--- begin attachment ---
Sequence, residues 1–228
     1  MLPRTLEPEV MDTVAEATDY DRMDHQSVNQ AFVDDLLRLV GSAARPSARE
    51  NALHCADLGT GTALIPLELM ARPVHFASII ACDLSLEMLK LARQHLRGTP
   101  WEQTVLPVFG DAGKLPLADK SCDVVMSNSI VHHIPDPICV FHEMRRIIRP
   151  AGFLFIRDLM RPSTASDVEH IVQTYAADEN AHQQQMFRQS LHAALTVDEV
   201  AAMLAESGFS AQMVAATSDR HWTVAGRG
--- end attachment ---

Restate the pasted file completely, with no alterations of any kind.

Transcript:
Sequence, residues 1–228
     1  MLPRTLEPEV MDTVAEATDY DRMDHQSVNQ AFVDDLLRLV GSAARPSARE
    51  NALHCADLGT GTALIPLELM ARPVHFASII ACDLSLEMLK LARQHLRGTP
   101  WEQTVLPVFG DAGKLPLADK SCDVVMSNSI VHHIPDPICV FHEMRRIIRP
   151  AGFLFIRDLM RPSTASDVEH IVQTYAADEN AHQQQMFRQS LHAALTVDEV
   201  AAMLAESGFS AQMVAATSDR HWTVAGRG